My childhood memories of Chanukah are mixed in with Christmas. It wasn’t as if we celebrated Christmas, we didn’t, well, not really. But like today, many customs go from one religion to another and one culture to another, especially in the United States. To me Chanukah meant Christmas vacation from school, meeting my friends at Cobbs Hill Park to go skating (I spent most of my time trying to keep warm in the cabin with a cup of hot cocoa!), then bringing my friends over to my house to make Italian Christmas cookies cut out into holiday shapes. We were a mixed crowd, Jewish and non-Jewish, but we all loved making these cookies. I loved going to our family’s friends homes to see their Christmas trees as much as I loved lighting out menorah and eating my mom’s delicious, crisp potato latkes, made with my paternal grandmother’s recipe, the one I still use today. I loved getting presents and was especially happy when it was a new game to play. This still holds true for me today. I love playing games!!! I remember the year we got Monopoly. We played teams, my mom and I vs. my dad and sister. No matter what, I always lost. But, that never stopped me!!! We would play the dreidel game for pennies or pretzels. It didn’t matter to me who won, just that we were playing and having fun. That’s the way I still play games today, to have fun. I also remember that when I was maybe 11 years old I made a beautiful menorah in the summer on a family trip to Klein’s Hillside Resort in the Catskills. I took it to Hebrew school with me to show my classmates. It was ceramic and I had painted it white with blue trim. I was so proud of it! On the way home, some of the boys were horsing around and caused me to drop it. Of course it broke. I’m still broken-hearted over losing my precious menorah. Back then, Chanukah meant food and the retelling of the stories of the Macabees and the miracle of the holy oil lasting long enough to replenish it from a neighboring city or town, I don’t remember which, but I really didn’t understand what happen was really about. Today I proudly think of Chanukah as a holiday of rebellion for the cause of freedom. I see it as the precursor that lead to the religious freedoms we enjoy today in America. I also see Chanukah as a break in the bleakness of dark nights and cold weather. A time to gather with family and friends and yes, a time to eat! I wish all of you, my readers, a very Happy, Healthy Chanukah (no matter how you spell it!), a very Merry Christmas and a Healthy One Too and a very Happy Kwanzaa Also With Good Health! Together may we all work for and find peace! For some cookie recipes please follow this link: https://atzimmes.wordpress.com/category/chanukah-cookies/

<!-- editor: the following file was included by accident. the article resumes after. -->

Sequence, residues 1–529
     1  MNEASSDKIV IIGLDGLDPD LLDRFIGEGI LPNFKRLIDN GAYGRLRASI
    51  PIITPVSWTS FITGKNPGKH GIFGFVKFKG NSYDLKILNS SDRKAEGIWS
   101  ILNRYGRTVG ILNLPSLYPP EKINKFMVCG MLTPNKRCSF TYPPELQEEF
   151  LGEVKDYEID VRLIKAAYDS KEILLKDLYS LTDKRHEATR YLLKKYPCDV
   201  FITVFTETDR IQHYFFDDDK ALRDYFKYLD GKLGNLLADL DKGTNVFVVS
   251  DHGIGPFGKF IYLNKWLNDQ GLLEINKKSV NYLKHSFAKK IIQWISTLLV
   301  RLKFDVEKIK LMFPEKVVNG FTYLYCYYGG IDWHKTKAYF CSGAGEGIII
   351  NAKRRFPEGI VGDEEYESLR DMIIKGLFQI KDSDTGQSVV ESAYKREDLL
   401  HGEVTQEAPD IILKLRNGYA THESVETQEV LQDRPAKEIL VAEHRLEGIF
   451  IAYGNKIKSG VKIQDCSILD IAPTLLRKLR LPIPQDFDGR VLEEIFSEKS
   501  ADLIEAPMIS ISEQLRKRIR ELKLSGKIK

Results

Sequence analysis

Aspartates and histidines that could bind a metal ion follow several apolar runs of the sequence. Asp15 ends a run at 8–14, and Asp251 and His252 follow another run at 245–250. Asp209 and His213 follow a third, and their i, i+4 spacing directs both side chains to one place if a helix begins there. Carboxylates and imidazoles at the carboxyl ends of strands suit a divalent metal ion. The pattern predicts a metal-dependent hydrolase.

During the week I will post other Chanukah recipes like my latke recipe and hopefully, if I can find it, the recipe for my favorite Italian Christmas Cookies!
Have a great day!!! I’ll leave you with my feeble attempt at a Chanukah Poem
by Marilyn Sultar
The smell of latkes frying is my favorite perfume.
I crave it like nothing else between here and the moon.
So why do I make it only once a year?
Because it is so special and I don’t want to reduce it to the mundane.
I make it only once a year so the joy of the great miracle should remain.